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DeMaio Ahead By 752 Votes Over Peters; Late Mail, Provisional Ballots Still To Be Counted

Photo caption:

Photo by Angela Carone

Carl DeMaio at the U.S. Grant in downtown San Diego, Nov. 4, 2014.

With 100 percent of the votes counted — except for late mail and provisional ballots — Republican challenger Carl DeMaio holds a slim lead over freshman Democratic Rep. Scott Peters.

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Election Results

UPDATE 8:20 a.m., Nov. 5: DeMaio Ready To Take 52nd; Votes Still Being Counted

On Wednesday morning, DeMaio held a news conference to address the public on the still-tight race for the 52nd Congressional District. At the time of the conference, DeMaio was ahead by 752 votes. “We will prevail,” he said. The campaign that saw national attention was “very negative and painful,” he added.

“I seek not to be the voice of Republicans in Congress,” he said, “but I also want to be the voice of the Democrats, and all who did not vote for me.”

UPDATE 1:08 a.m., Nov. 5: DeMaio Wins — Maybe; Peters Could Still Prevail

With 100 percent of the votes counted — except for late mail and provisional ballots — Republican challenger Carl DeMaio holds a slim lead over freshman Democratic Rep. Scott Peters.

U-T San Diego tweeted that polling firm Competitive Edge says as many as 50,000 provisional and late mail-in ballots are still to be counted in the District 52 race. Hard to call anybody a winner yet.

Two years ago, when Peters defeated Republican incumbent Brian Bilbray, he was up by 685 votes before the late mail-in and provisional ballots were counted. Peters wound up winning by 6,992 votes.

UPDATE: 12:58 a.m., Nov. 5: DeMaio Still In Lead; Will Late Mail, Provisional Ballots Decide Election?

With 99.8 percent of the votes counted, Republican challenger Carl DeMaio's holds a slim lead of 50.28 percent to 49.72 percent over freshman Democratic Rep. Scott Peters.

DeMaio is 795 votes ahead of Peters.

UPDATE: 12:50 a.m., Nov. 5: Here's Some Quotes From Both Candidates ... While We Await More Returns

From DeMaio, in addressing sexual harassment allegations made against him in the final weeks of the campaign:

"I've also, particularly in the past several weeks, received such amazing support and love from San Diegans who reject the politics of personal destruction. They don't want smears, they want solutions."

From Peters:

"I want to put my energy into fixing our economy, creating new jobs through investments in biotechnology, high tech and other innovative new sciences. I want to continue to protect a woman's right to choose her own healthcare."

From DeMaio:

"San Diegans are sick of the division and dysfunction in Washington. They want less fighting and more fixing."

From Peters:

"We're going to continue to lead from California, and work to do those things that we think are important through job creation, standing up for a women's rights to make their own healthcare decisions, making sure you can marry who you love and not get fired for who you are, and make sure we stand behind our veterans who stood up for us."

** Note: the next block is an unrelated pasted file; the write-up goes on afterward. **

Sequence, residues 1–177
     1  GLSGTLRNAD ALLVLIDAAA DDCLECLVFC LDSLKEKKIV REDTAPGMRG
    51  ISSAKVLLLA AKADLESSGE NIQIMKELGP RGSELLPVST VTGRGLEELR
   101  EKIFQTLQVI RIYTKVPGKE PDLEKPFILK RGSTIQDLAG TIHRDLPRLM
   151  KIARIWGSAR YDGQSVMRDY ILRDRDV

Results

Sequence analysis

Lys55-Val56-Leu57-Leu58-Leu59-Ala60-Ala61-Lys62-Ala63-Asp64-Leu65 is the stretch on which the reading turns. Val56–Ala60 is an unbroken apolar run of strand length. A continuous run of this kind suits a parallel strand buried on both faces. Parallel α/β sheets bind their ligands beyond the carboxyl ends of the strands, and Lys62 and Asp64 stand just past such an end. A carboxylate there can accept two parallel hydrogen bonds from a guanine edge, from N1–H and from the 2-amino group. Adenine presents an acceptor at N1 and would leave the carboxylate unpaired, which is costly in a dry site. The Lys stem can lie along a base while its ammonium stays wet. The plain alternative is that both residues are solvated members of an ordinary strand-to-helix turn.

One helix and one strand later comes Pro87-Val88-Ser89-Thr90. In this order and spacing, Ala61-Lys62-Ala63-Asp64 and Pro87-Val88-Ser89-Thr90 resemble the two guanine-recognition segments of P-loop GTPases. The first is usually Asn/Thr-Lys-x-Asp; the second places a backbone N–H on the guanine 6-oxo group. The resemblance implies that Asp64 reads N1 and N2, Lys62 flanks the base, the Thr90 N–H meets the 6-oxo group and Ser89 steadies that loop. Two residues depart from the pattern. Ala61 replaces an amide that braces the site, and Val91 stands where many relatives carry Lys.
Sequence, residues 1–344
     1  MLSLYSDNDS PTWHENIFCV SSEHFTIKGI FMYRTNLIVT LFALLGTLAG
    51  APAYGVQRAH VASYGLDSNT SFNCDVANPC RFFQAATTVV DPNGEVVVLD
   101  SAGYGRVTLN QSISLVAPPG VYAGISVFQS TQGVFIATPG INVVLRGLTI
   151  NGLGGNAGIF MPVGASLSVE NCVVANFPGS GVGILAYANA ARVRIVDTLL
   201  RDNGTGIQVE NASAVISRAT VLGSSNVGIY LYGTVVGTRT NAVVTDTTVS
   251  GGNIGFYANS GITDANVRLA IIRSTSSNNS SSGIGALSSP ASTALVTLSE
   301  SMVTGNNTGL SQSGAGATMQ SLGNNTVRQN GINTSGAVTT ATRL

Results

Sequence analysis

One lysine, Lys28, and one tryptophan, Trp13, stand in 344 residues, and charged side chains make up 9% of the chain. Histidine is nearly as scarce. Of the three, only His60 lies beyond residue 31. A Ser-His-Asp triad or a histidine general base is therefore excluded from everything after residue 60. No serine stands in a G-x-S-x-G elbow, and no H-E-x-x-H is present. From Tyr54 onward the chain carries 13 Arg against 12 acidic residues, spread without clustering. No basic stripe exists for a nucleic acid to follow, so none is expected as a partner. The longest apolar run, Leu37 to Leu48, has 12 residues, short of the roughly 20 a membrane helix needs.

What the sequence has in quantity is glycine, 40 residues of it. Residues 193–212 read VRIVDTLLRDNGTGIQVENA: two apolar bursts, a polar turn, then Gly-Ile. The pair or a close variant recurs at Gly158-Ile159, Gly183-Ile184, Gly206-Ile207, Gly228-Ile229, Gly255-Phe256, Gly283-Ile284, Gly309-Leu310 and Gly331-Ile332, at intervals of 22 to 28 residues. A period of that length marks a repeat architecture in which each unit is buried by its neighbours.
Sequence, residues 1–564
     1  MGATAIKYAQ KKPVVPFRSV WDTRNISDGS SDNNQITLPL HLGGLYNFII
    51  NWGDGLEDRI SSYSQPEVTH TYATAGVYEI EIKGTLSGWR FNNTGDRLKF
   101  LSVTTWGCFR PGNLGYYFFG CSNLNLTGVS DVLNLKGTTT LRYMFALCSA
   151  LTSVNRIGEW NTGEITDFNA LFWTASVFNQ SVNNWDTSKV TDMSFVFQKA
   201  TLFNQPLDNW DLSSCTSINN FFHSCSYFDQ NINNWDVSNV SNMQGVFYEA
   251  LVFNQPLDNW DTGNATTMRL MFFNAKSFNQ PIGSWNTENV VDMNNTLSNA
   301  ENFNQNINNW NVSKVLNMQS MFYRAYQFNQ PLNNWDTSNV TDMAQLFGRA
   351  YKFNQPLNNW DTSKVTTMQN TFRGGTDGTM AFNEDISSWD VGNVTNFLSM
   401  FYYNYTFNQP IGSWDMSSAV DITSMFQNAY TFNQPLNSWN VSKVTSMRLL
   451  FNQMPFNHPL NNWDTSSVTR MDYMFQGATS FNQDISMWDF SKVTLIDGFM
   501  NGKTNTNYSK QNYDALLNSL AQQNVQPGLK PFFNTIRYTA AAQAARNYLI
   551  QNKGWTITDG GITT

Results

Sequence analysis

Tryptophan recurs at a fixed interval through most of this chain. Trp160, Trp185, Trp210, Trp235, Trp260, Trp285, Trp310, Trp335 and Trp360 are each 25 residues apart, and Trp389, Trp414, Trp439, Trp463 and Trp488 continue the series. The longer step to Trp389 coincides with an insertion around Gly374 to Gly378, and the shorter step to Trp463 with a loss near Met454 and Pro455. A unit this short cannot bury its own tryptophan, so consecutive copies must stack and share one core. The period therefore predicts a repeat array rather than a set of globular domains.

UPDATE: 12:07 a.m., Nov. 5: DeMaio Picks Up Votes In Latest Count

With 90 percent of the votes counted, Republican challenger Carl DeMaio's holds a slim lead of 50.28 percent to 49.72 percent over freshman Democratic Rep. Scott Peters.

Now 762 votes separate the two.

UPDATE: 11:30 p.m: Peters Gaining Ground With Each Vote Count

With 70 percent of the votes counted, Republican challenger Carl DeMaio's holds a slim lead of 50.17 percent to 49.83 percent over freshman Democratic Rep. Scott Peters.

But DeMaio's lead shrunk to 415 votes in the latest returns.

UPDATE: 11:10 p.m: DeMaio's Slim Lead Shrinking In Latest Returns

With 61 percent of the votes counted in the 52nd Congressional District, Carl DeMaio is ahead of incumbent Scott Peters by 933 votes. Both candidates have told supporters to not lose faith and prepare for a long night.

Read their quotes below.

UPDATE: 11:05 p.m.: Carl DeMaio: 'We shall prevail'

GOP challenger spoke to supporters at the U.S. Grant Hotel about 11 p.m. He was confident, despite the close race: "We shall prevail."

He urged his backers not to give up: "We have to be patient counting the votes to see if we will have the opportunity to lead. It may take hours, it may take days, but we will ensure that every single vote is counted."

Speaking against divisive political issues, he said: "Our new generation, we stand up for personal freedom. We don’t believe politicians should be in our bedroom or in our business or in our pocketbooks."

UPDATE: 10:45 p.m.: New Numbers Show DeMaio Clings To Small Lead

New numbers released by the registrar at 10:45 p.m. show GOP challenger Carl DeMaio has 1,525 more votes than Republican Rep. Scott Peters. Yes, it's that close.

Photo caption:

Photo credit: Milan Kovacevic

Scott Peters at the Westin Hotel in downtown San Diego, Nov. 4, 2014.

UPDATE: 10:35 p.m.: Scott Peters: 'It’s going to be a long night'

Democratic Rep. Scott Peters continues to talk to supporters and the news media. He remains behind by 1 percentage point. Republican challenger Carl DeMaio hasn't spoken yet to supporters or the news media.

With the contest so close, Peters said, "It’s going to be a long night. It always is."

If he loses, Peters said: "Carl had better name recognition than I did. ... I haven’t really given a moment of thought to losing."

If he wins, he said: "We have to work to make Congress work again."

UPDATE: 9:47 p.m.: No Change In District 52 Even With A Few More Votes Counted

The Registrar of Voters Office released new results about 9:45 p.m., and they show GOP challenger Carl DeMaio still ahead with 51 percent of the vote to Peters' 49 percent of the vote.

Everyone called this race a toss-up, and it's proving to be true.

UPDATE: 9:30 p.m.: Incumbent Peters Says He's Optimistic

Freshman Rep. Scott Peters told Democrats gathered at the Westin Hotel in downtown San Diego that he is optimistic even though he is slightly behind in early returns.

"Typically, we wait a while before we get final results. ... We’re really happy to be where we are and are very optimistic. It can be a long night, but a good one."